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Jay covers BYU athletics for The Salt Lake Tribune. You can follow him on Twitter @drewjay.

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Mendenhall's email to BYU players sheds light on why Doman was replaced by Anae

Long after news broke Friday morning that BYU coach Bronco Mendenhall was replacing offensive coordinator Brandon Doman with former OC Robert Anae -- when most folks were wrapping up their work days -- the school finally made the announcement official, saying in a lengthy (for them) news release that Anae "has been hired as the program's offensive coordinator."

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In case you haven't seen it, you can read the full release below, or by going to byucougars.com.

Interestingly, the release makes mention of Doman only once -- near the end -- and doesn't spell out why the former BYU quarterback was released after just two years in the position.

"One of Anae's first duties will be to work with Mendenhall to make coaching evaluations and any related offensive staff position assignments," it says.

The most-asked question now becomes: Will Doman accept his demotion and stay on as quarterbacks coach, or leave?

Most of the day, some good sources were telling me that Doman was leaning toward staying. Tonight, though, I am hearing that it is 50-50.

A couple hours before BYU made the official announcement, Mendenhall sent an email to his players which sheds some light on why he made the change. I have obtained a copy of that email. Here it is:

First, congratulations on an outstanding win in the Poinsettia Bowl. Your preparation for the game made the difference and it was the right way to end the season for our seniors. I hope you have all have had a good holiday break and are anxious to begin classes Monday and to start working to prepare for the 2013 season. There is a team meeting on Monday at 2:10 p.m. that you should plan on attending.

Some changes in our coaching staff will be officially announced shortly and I felt you deserved to hear them directly from me before they were released publicly. After much consideration, I have made the decision to release Coach Brandon Doman from his responsibilities as offensive coordinator. I am very appreciative of his hard work, loyalty and enthusiasm for BYU. It was clear, however, that a change in leadership was needed for us to truly achieve what we are capable of as a team.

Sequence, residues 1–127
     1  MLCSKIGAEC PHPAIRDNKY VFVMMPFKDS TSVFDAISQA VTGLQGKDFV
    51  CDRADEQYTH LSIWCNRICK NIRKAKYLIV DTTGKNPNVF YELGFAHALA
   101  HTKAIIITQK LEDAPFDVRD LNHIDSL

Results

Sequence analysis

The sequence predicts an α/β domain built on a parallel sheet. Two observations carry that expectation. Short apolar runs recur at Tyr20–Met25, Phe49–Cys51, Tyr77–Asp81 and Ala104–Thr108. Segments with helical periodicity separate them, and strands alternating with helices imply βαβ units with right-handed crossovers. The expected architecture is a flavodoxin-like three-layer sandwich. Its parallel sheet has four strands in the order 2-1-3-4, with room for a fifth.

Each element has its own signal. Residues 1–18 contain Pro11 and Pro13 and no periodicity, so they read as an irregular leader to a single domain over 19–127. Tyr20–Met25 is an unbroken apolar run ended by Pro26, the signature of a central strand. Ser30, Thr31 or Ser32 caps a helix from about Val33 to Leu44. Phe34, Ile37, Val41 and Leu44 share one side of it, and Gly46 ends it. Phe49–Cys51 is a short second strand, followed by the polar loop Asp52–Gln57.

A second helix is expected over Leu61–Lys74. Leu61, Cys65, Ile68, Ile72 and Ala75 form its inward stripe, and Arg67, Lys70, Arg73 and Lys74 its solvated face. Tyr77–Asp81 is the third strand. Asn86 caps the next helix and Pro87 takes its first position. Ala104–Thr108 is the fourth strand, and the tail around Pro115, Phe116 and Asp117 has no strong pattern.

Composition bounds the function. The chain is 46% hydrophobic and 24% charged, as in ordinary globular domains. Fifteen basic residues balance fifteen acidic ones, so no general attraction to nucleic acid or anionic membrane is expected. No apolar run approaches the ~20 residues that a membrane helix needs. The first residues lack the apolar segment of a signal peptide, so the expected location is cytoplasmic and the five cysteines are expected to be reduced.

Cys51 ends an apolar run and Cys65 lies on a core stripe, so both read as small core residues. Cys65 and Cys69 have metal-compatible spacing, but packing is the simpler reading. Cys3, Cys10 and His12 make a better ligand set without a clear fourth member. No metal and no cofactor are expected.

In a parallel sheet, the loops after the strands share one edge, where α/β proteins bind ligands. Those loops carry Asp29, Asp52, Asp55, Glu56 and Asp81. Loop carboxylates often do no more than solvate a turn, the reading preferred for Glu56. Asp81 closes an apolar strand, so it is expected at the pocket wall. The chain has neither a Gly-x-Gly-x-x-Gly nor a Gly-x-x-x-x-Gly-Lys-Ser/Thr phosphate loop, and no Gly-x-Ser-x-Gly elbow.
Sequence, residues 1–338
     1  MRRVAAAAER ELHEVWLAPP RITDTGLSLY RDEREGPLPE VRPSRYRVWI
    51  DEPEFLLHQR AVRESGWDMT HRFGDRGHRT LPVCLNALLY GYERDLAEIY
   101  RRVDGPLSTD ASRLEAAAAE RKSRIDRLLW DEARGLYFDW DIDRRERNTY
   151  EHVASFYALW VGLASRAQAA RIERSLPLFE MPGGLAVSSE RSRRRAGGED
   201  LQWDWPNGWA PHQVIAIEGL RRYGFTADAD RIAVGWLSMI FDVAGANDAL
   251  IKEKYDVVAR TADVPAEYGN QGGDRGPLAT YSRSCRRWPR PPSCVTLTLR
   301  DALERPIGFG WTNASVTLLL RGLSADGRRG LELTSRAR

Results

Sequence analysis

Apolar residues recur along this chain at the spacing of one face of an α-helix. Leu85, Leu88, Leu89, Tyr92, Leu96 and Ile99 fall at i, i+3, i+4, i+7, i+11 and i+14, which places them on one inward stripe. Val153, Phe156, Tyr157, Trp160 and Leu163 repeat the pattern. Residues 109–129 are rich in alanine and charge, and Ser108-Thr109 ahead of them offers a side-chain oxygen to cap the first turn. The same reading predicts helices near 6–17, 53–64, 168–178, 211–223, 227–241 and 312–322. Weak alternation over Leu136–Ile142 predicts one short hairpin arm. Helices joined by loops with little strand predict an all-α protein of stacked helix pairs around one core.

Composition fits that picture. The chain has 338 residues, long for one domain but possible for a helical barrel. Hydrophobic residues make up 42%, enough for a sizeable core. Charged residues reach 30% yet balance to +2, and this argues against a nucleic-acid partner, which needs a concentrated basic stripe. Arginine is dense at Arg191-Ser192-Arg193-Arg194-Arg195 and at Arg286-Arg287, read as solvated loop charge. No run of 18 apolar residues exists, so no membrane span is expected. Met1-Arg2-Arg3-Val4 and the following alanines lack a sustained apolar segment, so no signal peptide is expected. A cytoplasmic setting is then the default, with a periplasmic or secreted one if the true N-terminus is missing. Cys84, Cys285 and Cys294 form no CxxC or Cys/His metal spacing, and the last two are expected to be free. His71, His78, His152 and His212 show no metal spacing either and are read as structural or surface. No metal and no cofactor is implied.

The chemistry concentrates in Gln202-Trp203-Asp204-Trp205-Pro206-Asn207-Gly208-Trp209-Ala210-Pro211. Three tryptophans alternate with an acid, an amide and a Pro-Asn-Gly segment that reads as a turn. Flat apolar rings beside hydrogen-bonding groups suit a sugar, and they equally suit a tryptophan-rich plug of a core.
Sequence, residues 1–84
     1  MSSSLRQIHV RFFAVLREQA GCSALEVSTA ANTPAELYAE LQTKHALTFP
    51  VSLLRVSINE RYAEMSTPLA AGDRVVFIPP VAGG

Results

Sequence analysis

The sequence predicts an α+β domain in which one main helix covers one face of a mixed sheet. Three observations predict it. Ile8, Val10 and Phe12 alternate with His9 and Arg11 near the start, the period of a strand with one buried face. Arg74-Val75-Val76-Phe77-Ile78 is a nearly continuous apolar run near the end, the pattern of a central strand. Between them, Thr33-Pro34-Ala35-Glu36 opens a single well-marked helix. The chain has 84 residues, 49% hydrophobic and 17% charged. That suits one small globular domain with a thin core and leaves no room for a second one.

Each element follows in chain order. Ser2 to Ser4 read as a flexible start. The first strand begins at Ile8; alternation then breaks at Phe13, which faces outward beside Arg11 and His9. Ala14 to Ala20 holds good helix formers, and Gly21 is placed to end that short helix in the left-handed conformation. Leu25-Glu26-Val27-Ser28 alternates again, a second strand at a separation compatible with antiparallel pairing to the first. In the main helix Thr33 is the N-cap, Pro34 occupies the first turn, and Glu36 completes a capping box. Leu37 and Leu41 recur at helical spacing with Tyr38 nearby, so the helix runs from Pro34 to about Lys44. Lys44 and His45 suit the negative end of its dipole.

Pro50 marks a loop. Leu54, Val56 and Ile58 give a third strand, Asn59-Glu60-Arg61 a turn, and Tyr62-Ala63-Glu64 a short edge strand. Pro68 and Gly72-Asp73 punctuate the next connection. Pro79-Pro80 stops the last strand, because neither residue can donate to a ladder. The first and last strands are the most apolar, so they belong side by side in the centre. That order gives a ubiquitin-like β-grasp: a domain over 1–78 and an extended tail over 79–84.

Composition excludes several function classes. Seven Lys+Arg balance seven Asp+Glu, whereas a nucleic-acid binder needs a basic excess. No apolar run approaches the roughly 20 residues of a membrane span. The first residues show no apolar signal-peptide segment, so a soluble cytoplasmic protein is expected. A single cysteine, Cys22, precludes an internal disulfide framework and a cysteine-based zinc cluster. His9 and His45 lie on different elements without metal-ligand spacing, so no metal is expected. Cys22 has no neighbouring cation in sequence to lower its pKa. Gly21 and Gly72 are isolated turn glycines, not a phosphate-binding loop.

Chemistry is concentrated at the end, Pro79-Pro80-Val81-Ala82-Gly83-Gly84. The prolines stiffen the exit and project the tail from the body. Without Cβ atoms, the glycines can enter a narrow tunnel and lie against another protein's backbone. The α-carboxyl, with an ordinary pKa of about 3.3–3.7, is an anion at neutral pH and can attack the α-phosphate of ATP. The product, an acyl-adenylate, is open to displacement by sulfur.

Today were are announcing that Coach Robert Anae is returning to take over the offensive coordinator responsibilities. Many of you already know Coach Anae. For those who don’t, he has spent the last two seasons at the University of Arizona in Tucson where he coaches the offensive line and serves as running game coordinator. Those who have played for Coach Anae in the past know that he is passionate about BYU and he’ll do his very best to help each of our players reach their potential.

We are fortunate to have Coach Anae back in the BYU family and are confident that our offense will regain the national prominence that it deserves. During the six seasons that Coach Anae was here, our offense was ranked in the Top 25 nationally five times. We also ranked in various Top 25 offensive statistical categories 28 times. Our offense was ranked as one of the top 6 passing offenses three of the six years he served as coordinator. At Arizona during the past two years, Coach Anae helped lead offenses that were ranked 16th in 2011 and 7th this season.

I ask you to trust that the decisions that I have made—and will be making—are for the improvement of the program and will be done to provide you with the best opportunity to reach your personal goals while you are at BYU.